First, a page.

Oppressive weather had the Peking Duk faithful shivering their way into the halls of Melbourne Arena on Friday night, safe in the knowledge that the temperature in the Arena was about to do a 180.
Having skipped across Triple J’s Hottest 100 and commercial radio alike for the past five years or so, Peking Duk might not be known for thought provoking lyricism or experimental songwriting, but they’ve got the simple directive to ‘party’ down pat – and party they did.
After local DJ legend MIMI opened up the night with a toy box of nostalgic late-2000s radio hits – closing with The Veronicas Untouched – Kira Puru took complete ownership of the stage. Puru has such a dope personality it’s just impossible not to enjoy her, even during tracks that don’t exactly land or drag on a tad too long. She’s just messing around, having fun, playing some songs about sex. She apologises partway through to the under-18s in the audience for her language, before immediately saying “this song’s about f-cking”. She doesn’t beat around the bush, either – “This song’s about ruining someone’s life”. Hell yeah Kira, ruin everyone!
Following Puru is Kwame. Already an insanely talented performer at just 21, his flows and confidence intertwine infectiously as he scoots and bounds around the stage. After getting his break through Triple J’s Unearthed station which sent him to Splendour in the Grass and beyond, Kwame is wasting no time making a name for himself. “When I say ‘dat boy’ you say ‘Kwame’!” he roars. The crowd doesn’t miss a beat.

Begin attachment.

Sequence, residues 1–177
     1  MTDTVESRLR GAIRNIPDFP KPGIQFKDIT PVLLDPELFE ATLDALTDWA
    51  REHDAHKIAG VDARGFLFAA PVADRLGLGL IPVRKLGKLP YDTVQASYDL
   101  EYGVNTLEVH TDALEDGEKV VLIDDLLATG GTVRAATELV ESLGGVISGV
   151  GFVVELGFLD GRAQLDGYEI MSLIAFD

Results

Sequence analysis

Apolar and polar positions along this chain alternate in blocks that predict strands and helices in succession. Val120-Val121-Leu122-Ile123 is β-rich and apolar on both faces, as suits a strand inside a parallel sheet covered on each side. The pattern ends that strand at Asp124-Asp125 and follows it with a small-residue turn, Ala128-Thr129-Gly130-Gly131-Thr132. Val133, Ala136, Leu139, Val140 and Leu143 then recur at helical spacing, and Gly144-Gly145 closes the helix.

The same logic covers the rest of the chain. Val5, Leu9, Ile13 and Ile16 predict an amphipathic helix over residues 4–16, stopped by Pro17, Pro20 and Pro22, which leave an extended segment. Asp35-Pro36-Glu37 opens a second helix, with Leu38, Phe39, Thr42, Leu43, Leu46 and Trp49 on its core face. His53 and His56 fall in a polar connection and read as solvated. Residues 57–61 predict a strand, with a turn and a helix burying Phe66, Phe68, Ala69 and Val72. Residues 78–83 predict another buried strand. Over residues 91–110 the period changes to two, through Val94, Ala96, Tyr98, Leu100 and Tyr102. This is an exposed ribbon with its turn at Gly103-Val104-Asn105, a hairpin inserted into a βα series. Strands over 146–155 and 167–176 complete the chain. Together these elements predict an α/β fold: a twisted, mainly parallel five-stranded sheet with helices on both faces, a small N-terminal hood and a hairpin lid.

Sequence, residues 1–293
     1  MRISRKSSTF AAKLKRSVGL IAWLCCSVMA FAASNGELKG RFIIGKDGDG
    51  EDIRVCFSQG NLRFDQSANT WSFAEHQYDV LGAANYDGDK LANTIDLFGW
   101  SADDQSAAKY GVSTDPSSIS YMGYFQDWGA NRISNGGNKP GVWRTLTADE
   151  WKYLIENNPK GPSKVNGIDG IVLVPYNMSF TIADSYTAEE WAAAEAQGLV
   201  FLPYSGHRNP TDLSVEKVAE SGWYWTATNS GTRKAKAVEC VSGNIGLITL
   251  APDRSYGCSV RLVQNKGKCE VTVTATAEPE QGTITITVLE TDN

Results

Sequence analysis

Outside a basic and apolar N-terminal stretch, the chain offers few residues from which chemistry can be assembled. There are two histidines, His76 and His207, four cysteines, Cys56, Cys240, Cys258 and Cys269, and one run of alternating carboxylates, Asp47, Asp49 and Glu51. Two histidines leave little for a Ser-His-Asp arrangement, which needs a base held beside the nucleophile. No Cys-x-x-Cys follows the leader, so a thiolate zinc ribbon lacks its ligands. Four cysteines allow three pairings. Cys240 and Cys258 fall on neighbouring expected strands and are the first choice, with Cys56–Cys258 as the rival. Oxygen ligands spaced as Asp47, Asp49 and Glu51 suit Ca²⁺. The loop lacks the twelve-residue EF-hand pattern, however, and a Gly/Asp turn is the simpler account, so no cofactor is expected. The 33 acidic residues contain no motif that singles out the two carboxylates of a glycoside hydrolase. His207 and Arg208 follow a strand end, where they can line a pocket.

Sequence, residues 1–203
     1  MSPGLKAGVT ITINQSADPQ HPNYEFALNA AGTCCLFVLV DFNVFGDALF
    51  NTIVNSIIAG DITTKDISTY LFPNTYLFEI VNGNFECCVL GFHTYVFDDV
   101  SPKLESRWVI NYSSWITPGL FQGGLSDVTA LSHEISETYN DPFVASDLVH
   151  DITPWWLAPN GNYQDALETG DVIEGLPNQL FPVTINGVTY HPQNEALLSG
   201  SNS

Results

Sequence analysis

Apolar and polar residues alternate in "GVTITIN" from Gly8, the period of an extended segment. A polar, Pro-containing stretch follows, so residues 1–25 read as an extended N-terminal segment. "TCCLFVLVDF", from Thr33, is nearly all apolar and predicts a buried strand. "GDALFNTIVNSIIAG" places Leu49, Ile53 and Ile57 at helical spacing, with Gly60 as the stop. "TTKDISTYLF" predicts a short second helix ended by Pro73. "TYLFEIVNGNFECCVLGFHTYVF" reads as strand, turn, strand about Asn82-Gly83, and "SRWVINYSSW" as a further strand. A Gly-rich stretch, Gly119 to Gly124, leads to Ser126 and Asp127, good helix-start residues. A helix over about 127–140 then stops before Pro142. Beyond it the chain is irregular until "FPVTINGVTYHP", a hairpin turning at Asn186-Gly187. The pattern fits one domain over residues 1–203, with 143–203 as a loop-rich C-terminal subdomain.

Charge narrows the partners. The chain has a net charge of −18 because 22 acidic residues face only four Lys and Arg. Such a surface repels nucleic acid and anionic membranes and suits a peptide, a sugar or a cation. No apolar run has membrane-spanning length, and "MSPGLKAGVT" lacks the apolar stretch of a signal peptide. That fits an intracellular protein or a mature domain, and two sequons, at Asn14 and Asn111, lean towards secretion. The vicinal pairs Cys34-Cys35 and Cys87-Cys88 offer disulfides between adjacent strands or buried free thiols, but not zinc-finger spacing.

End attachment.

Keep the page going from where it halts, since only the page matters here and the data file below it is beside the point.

Aside from the fact that it definitely took hundreds of hours to put together this tour, Peking Duk do a damned good job of tricking you into thinking you’re just at a particularly good house party. Reuben Styles and Adam Hyde have that endlessly positive aura which comes in handy for keeping the energy high, with plenty of cries of “give it up for YOURSEEEELVES!”.
All the hits get a workout here, Fake Magic, Stranger, Take Me Over. With their DJing background, Peking Duk know the value of a good feature – they’ve basically built their careers on them. Cloud Control’s Al Wright joins them on-stage twice, one outing being the live music video filming of Ur Eyez, which Wright features on.
There’s simply a sense of good humour and positivity permeating the whole thing. Every new vocalist gets a hug and a massive round of applause, led by Styles and Hyde. There are weird interludes of ribbon dancing to Enya’s Only Time, which Styles says took them “a whole two minutes” to come up with. The boys have an inexplicible scull-off, and at one point fireworks start shooting out of their guitars for no particular reason.
It’s a beautiful mess – a true kitchen-sink esque performance. Peking Duk know how to ride that wave of ridiculousness though, it’s just a means to an end – a kaleidoscopic self-contained festival’s worth of awe-inducing moments and massive crescendos. Knowing them simply from their over-the-top dance tunes, you wouldn’t think they were such born performers, but Peking Duk are making the leap from boys on the decks to frontmen in their own right.